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Cheesy Breaded Zucchini
Golden brown and crispy without a drop of oil!
I’ve said it before and I’ll say it again, the biggest challenge of cooking without oil is mental. You have to get over thinking you need it. And the only way to do that is to just skip it altogether and try. Once you’ve done it, that silly doubt will go away and soon your kitchen won’t have that “just in case” bottle in the cupboard anymore.
Anything you can do with oil, you can do without oil. It only takes a little bit of practice.
Coconut oil has double the saturated fat content of pure lard. (Lard is pig fat.)
See how everything you thought you knew about food was really just marketing, aka brainwashing, aka lies?
Oils are bad, mmkay?
A word about ingredients
If you are new to this, you might be thrown by ingredients like nutritional yeast, flaxseed, and chia seeds. But trust me, these are going to be some of your new staples. The nooch has B12, which they say vegans don’t get enough of. (Truth is nobody gets enough.) The seeds are jam packed with the Omega 3s. Bet you thought you could only get those from fish or seaweed. As for the silicone baking mat, this is essential for oil-free baking. I’ll pop some links at the bottom of this recipe in case you need them.
Now, here’s how to make golden brown “fried” zucchini without a single drop of oil.
4 Slices Ezekial bread (Ezekiel bread is not Gluten Free. Substitute your best whole grain GF bread. Drier breads are best. You can also just buy whole grain, gluten free breadcrumbs, but they can be hard to find. Alternatively, try “Nut crumbs” a bread crumb like item made of ground nuts) You’ll need 2/3 cup dry bread crumbs.
2/3 cup nutritional yeast
2/3 cup low sodium vegetable broth
1 heaping tablespoon ground chia seeds or ground flaxseed
2 teaspoons garlic powder
2 small zucchinis (Smaller zucchinis are more tender, have fewer seeds. The bigger they are, the lower the quality.)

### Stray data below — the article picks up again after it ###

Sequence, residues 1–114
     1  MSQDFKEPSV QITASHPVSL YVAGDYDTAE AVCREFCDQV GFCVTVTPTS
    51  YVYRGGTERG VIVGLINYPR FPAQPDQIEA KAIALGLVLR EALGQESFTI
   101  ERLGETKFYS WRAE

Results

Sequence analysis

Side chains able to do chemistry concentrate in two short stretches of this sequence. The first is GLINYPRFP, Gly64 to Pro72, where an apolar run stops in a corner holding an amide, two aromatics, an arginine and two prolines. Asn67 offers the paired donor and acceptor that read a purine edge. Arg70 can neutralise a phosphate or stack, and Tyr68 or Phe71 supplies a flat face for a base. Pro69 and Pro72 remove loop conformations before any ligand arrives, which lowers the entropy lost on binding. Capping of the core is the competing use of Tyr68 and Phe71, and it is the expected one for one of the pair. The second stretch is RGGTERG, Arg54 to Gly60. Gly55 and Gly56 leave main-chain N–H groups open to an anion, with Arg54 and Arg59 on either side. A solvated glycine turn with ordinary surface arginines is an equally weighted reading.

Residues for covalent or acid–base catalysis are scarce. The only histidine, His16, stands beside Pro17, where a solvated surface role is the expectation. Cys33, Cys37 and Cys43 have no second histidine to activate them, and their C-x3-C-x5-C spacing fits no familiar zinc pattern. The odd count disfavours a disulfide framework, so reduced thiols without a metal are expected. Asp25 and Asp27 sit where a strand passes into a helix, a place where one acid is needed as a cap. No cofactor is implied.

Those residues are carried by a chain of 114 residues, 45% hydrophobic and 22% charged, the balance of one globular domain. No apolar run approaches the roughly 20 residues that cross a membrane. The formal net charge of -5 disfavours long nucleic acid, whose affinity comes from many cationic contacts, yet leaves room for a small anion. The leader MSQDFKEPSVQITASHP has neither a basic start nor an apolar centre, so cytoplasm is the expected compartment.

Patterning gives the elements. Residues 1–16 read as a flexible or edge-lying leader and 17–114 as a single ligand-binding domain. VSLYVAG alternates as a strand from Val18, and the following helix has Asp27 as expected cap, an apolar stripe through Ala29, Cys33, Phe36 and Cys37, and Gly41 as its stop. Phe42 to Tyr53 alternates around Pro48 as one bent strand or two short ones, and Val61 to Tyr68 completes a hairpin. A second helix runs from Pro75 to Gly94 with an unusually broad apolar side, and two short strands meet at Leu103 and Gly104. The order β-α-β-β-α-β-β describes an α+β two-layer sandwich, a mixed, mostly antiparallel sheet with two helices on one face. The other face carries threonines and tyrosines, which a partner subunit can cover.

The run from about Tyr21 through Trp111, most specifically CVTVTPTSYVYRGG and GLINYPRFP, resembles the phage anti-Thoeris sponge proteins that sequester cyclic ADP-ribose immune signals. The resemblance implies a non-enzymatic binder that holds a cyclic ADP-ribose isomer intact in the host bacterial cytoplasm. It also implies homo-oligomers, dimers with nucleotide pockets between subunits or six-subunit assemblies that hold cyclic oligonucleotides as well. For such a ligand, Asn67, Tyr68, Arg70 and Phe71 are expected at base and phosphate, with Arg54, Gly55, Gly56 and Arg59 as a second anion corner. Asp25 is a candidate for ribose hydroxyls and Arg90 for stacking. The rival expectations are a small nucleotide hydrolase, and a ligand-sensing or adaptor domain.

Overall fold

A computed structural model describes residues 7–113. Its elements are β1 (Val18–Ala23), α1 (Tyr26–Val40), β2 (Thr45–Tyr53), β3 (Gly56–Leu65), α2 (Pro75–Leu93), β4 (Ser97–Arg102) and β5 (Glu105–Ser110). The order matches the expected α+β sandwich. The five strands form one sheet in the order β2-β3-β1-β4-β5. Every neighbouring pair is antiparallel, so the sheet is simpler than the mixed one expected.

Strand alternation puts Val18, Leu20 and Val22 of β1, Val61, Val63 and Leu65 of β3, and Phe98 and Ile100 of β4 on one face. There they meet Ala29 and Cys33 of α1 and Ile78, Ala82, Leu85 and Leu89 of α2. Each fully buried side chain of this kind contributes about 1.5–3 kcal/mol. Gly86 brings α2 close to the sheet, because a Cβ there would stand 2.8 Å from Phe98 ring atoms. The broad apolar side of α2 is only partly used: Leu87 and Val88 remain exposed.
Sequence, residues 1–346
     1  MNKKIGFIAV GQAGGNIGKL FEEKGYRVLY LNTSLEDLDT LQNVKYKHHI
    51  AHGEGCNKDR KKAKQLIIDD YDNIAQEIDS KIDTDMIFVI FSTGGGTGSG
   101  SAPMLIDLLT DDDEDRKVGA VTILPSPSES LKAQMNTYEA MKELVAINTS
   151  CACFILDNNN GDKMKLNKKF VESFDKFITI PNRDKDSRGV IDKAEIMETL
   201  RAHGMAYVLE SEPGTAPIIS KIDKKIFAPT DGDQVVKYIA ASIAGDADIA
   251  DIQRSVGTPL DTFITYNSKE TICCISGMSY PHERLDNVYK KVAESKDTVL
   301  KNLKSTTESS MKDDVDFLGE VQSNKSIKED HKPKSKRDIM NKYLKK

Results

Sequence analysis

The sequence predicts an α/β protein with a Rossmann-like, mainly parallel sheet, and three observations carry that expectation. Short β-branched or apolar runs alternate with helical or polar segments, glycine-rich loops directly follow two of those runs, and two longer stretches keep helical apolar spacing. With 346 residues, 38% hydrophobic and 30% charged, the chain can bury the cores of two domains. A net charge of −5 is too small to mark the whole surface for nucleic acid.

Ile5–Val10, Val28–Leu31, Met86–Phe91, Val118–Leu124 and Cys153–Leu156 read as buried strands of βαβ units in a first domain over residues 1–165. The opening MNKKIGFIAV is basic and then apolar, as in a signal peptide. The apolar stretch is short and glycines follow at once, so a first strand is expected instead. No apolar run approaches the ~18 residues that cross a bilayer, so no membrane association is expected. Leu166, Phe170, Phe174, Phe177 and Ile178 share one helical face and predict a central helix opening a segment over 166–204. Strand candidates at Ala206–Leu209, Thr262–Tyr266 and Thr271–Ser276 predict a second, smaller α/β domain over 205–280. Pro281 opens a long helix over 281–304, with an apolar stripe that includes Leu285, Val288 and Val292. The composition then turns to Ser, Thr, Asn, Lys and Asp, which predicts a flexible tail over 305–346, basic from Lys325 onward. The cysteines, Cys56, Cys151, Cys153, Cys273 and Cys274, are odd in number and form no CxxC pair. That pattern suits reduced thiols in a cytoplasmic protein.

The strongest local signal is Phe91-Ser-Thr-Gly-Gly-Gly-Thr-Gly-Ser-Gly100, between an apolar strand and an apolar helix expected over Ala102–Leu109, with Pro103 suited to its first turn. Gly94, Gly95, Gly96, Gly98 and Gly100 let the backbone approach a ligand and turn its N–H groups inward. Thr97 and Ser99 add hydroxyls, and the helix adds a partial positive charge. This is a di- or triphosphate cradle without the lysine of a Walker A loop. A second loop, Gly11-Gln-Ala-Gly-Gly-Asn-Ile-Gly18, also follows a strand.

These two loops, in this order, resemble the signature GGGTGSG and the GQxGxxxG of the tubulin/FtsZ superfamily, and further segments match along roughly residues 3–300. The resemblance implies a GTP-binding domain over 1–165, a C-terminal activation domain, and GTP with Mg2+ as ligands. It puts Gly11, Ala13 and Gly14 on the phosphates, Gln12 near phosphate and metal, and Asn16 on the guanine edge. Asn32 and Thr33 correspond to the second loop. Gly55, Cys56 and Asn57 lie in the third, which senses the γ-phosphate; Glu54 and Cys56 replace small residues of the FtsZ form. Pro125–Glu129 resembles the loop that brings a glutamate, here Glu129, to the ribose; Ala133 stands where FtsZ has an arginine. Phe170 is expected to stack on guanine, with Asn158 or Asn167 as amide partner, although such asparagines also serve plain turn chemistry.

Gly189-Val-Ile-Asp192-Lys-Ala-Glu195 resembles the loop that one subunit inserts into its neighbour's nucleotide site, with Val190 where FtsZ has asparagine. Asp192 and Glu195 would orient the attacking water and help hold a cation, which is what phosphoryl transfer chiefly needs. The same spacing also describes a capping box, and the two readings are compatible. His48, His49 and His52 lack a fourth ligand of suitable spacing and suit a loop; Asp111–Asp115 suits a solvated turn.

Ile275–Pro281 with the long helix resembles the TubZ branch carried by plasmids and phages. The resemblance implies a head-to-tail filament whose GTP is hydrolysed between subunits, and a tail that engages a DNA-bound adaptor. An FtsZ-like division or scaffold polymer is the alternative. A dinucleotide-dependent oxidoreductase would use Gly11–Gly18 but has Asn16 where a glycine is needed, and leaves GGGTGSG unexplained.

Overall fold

This method requires a silicone baking mat or silicone baking pan
Make the bread crumbs
Pre-heat the oven to 425.
Put a wire rack atop a baking sheet to keep crumbs out of the oven. Lay the bread slices on the rack, and bake until they are completely dry, turning once or twice during the baking time. This can take 15 or 20 minutes, but you really have to feel your way through this as it depends on the bread.
When the bread is brown and toasty and you think it’s completely dry, take it out and let it cool on the rack.
Throw the slices into a food processor or high-speed blender and process it into crumbs. If there are still big hunks of bread left after processing, you didn’t bake it long enough. You can stick the moist pieces back into the oven for a few more minutes if you need to. You need about 2/3 cups of bread crumbs.
*The toasting/drying out of the bread can also be accomplished with a toaster.
While the bread crumbs toast, slice the zucchini
The thinner you slice it, the crisper it will bake. So slice them super thin.
Make the coating mix
Mix about 2/3 cup of the bread crumbs with 2/3 cup nutritional yeast. Add a heaping tablespoon of chia seeds (or flaxseed) and two teaspoons of garlic powder (or to taste.)
Create your assembly line
On your workspace, line up the sliced zucchini, then a small dish of the veggie broth, then a wide bowl full of coating mix, then your silicone-lined baking sheet. (Useless trivia: I always do this right-to-left for some reason, maybe because I’m left handed, or maybe because my oven is on my left when I stand facing my countertop, or maybe just because I’m odd by nature.)
Dip a slice of zucchini into the broth. Get it very wet. Then dip it into the coating mix. Press the zucchini hard into the mix. Push it underneath, flip it over, press it again to get it really coated. Then take it out and lay it on the baking sheet.
Repeat with every slice.
Put the pan on the middle rack. Bake about 12 to 15 minutes.
Remove from oven and flip each slice.
Return to oven, bottom rack this time.
Bake until they are as crispy as you want them. Sample a slice as you go along.
Thicker slices will stay moist and tender. Thinner slices will get crispier. I like them to be a little bit crispy with some tenderness remaining.
Experiment. Maybe the first time through, try taking half of the slices out sooner, and baking the other half longer, just as an experiment to see what you like best.
Options & Tips
You can also cook the slices in an air fryer.
FUN FACT: A convection oven functions in the same way as an air fryer. In fact, newer model ovens are being marketed with an “air fryer” feature that is really just the old convection feature, renamed.
Here are some links for some of the items needed to make this recipe. These are affiliate links, which means Amazon shoots me a few cents on each purchase. This does not change your purchase price. The ‘Zon foots the bill.
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